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What's Going Around: Norovirus

Tuesday, January 31, 2017 8:49 AM

If someone in your family has caught a bug that’s wreaking havoc in their gastrointestinal tract, norovirus is a likely suspect. Yes, norovirus is infamous on cruise ships, but it’s just as likely to spread rapidly in schools, at work or in your home.


That’s because norovirus is one of the most contagious of all viruses. The amount of microscopic particles that would fit on the head of a single pin is enough to infect more than 1,000 people, it can live on surfaces for two weeks and hand sanitizers can’t kill it, according to the U.S. Centers for Disease Control and Prevention.

Stephen Schrantz, MD, Infectious Disease Specialist at NorthShore, answers questions about this highly contagious virus:

How do you get norovirus?
Norovirus is the most common foodborne illness in the United States and the majority of outbreaks occur when food service workers contaminate food. Shaking hands, touching contaminated surfaces, caring for an infected person, or eating food that was touched by an infected person, can make you ill if you then touch your mouth.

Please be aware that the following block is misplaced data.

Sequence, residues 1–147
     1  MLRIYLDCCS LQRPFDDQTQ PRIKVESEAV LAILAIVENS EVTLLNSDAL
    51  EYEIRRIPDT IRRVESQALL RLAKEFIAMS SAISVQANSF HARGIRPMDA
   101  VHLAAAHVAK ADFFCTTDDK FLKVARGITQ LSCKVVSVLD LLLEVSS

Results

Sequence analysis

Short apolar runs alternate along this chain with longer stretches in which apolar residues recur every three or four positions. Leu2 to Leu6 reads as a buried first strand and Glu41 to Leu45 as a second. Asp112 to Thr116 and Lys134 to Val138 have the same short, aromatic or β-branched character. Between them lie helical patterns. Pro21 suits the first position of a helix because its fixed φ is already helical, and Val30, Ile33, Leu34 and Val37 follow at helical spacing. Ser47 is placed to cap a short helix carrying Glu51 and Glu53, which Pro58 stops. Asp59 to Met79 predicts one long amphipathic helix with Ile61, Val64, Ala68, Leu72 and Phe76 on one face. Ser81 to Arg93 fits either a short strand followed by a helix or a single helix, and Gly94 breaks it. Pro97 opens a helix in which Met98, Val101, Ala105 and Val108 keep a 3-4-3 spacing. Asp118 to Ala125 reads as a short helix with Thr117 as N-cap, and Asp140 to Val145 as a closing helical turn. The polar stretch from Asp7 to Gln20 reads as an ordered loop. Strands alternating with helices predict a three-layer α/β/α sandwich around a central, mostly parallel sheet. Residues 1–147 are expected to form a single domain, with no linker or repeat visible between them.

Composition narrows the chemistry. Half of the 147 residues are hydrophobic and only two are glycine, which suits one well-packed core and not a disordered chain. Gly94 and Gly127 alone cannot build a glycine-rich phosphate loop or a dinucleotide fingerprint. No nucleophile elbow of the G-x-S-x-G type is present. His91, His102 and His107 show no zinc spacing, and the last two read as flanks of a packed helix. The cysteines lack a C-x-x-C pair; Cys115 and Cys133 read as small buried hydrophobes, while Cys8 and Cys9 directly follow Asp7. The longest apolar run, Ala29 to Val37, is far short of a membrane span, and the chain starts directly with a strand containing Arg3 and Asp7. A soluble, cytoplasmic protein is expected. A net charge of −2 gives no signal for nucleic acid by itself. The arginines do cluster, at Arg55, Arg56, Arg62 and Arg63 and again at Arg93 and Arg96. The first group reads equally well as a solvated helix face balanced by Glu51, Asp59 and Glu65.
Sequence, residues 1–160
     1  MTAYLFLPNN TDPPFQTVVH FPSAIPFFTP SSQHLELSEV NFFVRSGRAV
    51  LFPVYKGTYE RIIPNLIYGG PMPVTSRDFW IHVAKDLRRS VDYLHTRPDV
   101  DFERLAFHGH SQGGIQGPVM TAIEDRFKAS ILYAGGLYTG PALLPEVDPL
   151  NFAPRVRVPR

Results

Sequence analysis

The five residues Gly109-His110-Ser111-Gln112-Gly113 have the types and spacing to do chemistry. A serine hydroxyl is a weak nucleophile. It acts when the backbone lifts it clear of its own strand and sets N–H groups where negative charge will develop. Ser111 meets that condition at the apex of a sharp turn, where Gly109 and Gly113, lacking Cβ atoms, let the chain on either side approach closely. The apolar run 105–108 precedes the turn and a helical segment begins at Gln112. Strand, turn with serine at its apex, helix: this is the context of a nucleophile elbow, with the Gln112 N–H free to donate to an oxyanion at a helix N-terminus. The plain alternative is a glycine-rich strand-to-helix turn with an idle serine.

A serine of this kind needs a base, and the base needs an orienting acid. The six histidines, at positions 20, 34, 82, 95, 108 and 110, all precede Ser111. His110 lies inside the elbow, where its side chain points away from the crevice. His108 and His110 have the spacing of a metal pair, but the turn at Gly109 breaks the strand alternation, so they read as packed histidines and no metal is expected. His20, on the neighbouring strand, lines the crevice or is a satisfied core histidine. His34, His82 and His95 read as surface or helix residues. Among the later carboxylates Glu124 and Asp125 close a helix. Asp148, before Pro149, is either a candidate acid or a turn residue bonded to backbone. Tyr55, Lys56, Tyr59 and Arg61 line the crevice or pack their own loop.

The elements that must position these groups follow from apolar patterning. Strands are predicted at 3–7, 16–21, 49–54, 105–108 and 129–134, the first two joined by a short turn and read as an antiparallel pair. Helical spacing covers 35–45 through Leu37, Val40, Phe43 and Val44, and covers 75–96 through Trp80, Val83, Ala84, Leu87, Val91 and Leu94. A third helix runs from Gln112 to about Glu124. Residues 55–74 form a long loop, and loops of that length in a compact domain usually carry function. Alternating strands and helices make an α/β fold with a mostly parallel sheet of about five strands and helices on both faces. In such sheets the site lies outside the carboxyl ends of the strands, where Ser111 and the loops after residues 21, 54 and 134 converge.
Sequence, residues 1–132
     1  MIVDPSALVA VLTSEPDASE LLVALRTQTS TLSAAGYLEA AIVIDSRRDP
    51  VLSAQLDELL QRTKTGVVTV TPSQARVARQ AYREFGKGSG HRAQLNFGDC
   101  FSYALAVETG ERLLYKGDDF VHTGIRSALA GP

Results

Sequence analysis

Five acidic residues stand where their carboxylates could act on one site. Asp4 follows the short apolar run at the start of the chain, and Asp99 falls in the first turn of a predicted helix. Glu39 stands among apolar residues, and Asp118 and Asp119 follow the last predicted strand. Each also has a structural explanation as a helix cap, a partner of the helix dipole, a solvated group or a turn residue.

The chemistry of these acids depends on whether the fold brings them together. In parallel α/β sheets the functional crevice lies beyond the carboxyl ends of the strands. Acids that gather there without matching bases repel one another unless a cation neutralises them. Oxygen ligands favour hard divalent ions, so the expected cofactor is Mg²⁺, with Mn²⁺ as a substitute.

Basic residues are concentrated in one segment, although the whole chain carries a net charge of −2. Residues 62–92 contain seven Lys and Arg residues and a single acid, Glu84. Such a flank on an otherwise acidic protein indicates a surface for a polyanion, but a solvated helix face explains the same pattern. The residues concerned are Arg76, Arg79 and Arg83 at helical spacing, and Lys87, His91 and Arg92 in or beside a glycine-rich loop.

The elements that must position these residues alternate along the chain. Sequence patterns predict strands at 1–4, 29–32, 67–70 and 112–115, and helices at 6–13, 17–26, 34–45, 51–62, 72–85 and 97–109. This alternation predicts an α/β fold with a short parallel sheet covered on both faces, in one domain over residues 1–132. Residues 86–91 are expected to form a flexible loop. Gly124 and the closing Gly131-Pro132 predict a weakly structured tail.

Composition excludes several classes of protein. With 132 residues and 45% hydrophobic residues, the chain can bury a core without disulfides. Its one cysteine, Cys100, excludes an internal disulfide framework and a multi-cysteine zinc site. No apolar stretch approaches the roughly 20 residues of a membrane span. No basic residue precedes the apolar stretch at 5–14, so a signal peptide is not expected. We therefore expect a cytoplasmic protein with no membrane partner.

How do you prevent it?
Meticulous hygiene is the best way to prevent norovirus, or any gastrointestinal infection. Don’t depend on hand sanitizers to get the job done. Wash hands often with soap and warm water during the day, don’t touch your face with unwashed hands, and use a product with bleach (on bleach appropriate surfaces) if you’re cleaning up after an infected person. Keep this bleach cleaning routine for two weeks after symptoms disappear.

How do I know if I have norovirus and not food poisoning?
Although both have similar symptoms - vomiting and diarrhea – E.coli or salmonella poisoning can be more severe and last longer. There’s no way to really know unless lab tests are done, but these are generally not necessary.

If I get it once, can I get it again?
Yes, because there are many different norovirus strains. You may get a milder case the second time around if the strain is similar.

Is there a vaccine for norovirus?
A vaccine is currently in clinical trials.

How are you and your family protecting yourself against the virus?